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Wednesday, June 20, 2012

The Golden Girls in 1940

A few weeks ago, I decided I needed a break from life and did something random.  I had just watched a rerun of The Golden Girls and began to wonder where each of the actresses were in 1940. 

I’ve always been a fan of the show, each character, and each actresses.  The characters of Blanche, Rose, Dorothy, and Sophia are uniquely individual and I see some of their qualities in me. 

I spent a few hours digging around using hints from Wikipedia and other records and eventually found each actress in the 1940 census.  While it was great to locate them, it was more interesting learning about their personal lives, which were just as special as the characters they portrayed.

Rue McClanahan – Born Eddi-Rue McClanahan in Healdton, Oklahoma, to William and Dreda (Medaris) McClanahan in 1934.1   She is found in the 1940 census, at age six, in the household of her parents, living on H Street in Healdton, Oklahoma.2 

McClanahan

Betty White – Born Betty Marion White in 1922 in Oak Park, Illinois.3  She is found in the 1940 census, age 18,  with her parents, Horace and Tess (Cachikis) White, living on Ayrshire Road in Los Angeles, California.4

White

Bea Arthur – Born Bernice Frankel in 1922 in New York City, to Philip and Rebecca Frankel.5  In 1940, at age 17, she is living with her parents and sister on Mill Street in Cambridge, Maryland.6

Arthur

Estelle Getty – Born Estelle Scher in New York City to Charles and Sarah Scher, in 1923.  She is found in the 1940 census living with her parents and siblings on 2nd Street in Manhattan.8

 Getty


Sources

1.  “Rue McClanahan,” Wikipedia (en.wikipedia.org/wiki/Rue_McClanahan : accessed 28 May 2012).

2.  1940 U.S. census, population schedule, Healdton, Carter County, Oklahoma, enumeration district (ED) 60-221A, sheet 21A, family 425, Horace L White; digital images, Ancestry (ancestry.com : accessed 28 May 2012); citing National Archives and Records Administration microfilm T627, 4,643 rolls.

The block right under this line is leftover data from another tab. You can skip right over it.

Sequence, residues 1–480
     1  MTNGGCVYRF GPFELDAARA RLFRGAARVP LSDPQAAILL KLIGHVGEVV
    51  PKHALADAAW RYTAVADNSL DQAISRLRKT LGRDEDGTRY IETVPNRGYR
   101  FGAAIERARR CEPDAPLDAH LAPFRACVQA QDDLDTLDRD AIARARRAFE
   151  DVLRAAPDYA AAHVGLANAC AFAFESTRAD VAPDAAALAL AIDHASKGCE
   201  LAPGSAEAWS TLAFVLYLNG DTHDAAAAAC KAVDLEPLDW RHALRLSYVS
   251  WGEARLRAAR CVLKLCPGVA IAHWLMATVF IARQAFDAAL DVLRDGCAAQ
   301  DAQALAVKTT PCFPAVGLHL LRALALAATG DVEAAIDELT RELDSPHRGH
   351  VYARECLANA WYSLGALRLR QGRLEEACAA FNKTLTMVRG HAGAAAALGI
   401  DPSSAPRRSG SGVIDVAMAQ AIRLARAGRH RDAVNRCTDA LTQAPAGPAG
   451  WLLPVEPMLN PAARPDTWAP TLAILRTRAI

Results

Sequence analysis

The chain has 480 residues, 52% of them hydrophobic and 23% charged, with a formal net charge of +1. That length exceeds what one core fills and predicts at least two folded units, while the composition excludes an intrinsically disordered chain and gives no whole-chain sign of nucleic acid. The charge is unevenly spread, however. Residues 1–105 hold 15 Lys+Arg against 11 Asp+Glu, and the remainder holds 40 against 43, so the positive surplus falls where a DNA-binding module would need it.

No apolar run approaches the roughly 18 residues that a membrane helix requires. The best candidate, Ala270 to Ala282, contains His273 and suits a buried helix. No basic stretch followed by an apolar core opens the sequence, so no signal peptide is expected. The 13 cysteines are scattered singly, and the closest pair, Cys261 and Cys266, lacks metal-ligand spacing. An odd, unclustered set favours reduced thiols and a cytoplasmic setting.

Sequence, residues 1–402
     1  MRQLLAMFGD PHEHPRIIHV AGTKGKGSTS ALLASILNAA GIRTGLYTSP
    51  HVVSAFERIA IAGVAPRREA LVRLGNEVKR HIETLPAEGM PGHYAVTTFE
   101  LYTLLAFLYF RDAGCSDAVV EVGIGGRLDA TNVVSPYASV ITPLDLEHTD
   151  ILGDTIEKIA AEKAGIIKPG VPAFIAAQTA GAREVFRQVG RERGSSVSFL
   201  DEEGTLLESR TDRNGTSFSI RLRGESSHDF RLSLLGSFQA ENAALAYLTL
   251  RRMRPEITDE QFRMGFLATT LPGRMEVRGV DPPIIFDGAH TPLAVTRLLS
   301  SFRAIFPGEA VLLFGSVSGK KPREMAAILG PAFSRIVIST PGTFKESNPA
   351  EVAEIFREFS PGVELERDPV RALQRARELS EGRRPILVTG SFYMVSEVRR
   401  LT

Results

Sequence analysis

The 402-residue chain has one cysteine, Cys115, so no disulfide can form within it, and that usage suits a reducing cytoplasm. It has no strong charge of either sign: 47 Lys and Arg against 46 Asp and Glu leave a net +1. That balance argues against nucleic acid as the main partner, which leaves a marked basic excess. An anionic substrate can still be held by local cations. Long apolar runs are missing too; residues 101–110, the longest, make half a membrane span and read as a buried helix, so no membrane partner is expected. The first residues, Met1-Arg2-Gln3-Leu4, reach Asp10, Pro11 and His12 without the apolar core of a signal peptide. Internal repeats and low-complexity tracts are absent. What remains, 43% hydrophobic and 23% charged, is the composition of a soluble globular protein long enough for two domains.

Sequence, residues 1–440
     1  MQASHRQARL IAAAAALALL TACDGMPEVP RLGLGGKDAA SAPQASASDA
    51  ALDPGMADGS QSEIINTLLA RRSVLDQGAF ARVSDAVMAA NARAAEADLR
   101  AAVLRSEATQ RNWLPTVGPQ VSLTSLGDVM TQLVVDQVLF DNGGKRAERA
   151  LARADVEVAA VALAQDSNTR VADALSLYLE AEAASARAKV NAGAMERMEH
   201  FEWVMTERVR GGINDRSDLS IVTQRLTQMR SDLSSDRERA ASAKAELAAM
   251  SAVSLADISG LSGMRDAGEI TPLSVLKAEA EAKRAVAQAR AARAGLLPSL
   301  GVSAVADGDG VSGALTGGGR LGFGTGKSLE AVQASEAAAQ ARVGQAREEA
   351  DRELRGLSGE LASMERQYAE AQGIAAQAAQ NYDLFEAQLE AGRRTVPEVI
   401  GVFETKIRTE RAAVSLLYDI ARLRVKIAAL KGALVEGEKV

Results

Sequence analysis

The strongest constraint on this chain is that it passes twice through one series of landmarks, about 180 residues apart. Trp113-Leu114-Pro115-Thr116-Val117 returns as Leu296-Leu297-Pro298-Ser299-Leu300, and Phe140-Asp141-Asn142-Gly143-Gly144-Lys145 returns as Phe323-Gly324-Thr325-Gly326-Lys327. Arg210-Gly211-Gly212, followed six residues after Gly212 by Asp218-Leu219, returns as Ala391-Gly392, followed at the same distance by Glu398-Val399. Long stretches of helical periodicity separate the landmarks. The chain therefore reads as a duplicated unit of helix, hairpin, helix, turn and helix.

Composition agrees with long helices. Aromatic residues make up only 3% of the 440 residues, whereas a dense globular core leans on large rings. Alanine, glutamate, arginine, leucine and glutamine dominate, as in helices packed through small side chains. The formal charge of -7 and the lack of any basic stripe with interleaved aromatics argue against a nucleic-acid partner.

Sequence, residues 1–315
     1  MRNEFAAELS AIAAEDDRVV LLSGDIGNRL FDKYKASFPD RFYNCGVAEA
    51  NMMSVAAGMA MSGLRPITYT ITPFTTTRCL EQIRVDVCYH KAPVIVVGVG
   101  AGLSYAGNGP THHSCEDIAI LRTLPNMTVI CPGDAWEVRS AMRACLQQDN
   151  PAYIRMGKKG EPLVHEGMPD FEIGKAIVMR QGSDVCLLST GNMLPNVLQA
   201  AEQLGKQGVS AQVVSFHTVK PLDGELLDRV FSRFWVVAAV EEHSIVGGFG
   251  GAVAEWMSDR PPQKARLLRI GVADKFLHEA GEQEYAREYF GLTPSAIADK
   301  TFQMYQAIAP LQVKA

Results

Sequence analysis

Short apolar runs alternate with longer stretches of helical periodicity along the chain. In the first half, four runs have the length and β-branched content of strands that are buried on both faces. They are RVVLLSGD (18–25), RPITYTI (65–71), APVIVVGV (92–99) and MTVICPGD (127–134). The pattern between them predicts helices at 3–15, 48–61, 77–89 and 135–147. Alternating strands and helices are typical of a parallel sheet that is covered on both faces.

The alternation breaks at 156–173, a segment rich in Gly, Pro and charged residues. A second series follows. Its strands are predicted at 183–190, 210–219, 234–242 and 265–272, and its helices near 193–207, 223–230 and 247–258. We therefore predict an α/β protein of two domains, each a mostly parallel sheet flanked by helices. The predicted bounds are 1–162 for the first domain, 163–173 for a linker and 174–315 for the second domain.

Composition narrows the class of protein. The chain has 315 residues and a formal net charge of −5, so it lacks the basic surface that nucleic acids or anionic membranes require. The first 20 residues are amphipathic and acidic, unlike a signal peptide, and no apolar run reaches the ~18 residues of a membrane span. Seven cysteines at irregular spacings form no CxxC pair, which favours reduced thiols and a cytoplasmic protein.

3. “Betty White,” Wikipedia (en.wikipedia.org/wiki/Betty_White : accessed 28 May 2012).

4. Ibid.; also1940 U.S. census, population schedule, Los Angeles, Los Angeles County, California, enumeration district (ED) 10-24, sheet 13B, family 307, William E McClanahan; digital images, Ancestry (ancestry.com : accessed 28 May 2012); citing National Archives and Records Administration microfilm T627, 4,643 rolls.

5. “Bea Arthur,” Wikipedia (en.wikipedia.org/wiki/Bea_Arthur : accessed 28 May 2012).

6. 1940 U.S. census, population schedule, Cambridge, Dorchester County, Maryland, enumeration district (ED) 10-11, sheet 19B, family 116, Philip Frankel; digital images, Ancestry (ancestry.com : accessed 28 May 2012); citing National Archives and Records Administration microfilm T627, 4,643 rolls.

7. “Estelle Getty,” Wikipedia (en.wikipedia.org/wiki/Estelle_Getty : accessed 28 May 2012).

8. 1940 U.S. census, population schedule, Manhattan, New York County, New York, enumeration district (ED) 31-517, sheet 61A, family 203, Charles Scher; digital images, Ancestry (ancestry.com : accessed 28 May 2012); citing National Archives and Records Administration microfilm T627, 4,643 rolls.


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2 comments:

Jacqi Stevens said...

What a neat idea for a fun project, Julie! I'm with you on sometimes needing to stray from serious research. And not just for projects researching famous people (though I often wonder myself whatever happened to the descendants of famous people).

There are a lot of people beginning to pursue ephemera and research it--chance letters, news clippings, antique photos or anything that mentions names from another era. I've had fun doing that, myself, while learning something new about a different era.

My favorite example of this, in the blog world, is the continuing story on "Permanent Record" where journalist Paul Lukas stumbled upon the academic records of the now-defunct Manhattan Trade School for Girls. From information on those records found in a garbage heap, he traced the stories of each of the school's graduates, and sometimes even their descendants. A wonderful find in discovering people's stories, even if they are not famous! It's at http://permanentrecordproject.blogspot.com/

Julie Cahill Tarr said...

Jacqui, thanks for sharing the Permanent Record project with me!

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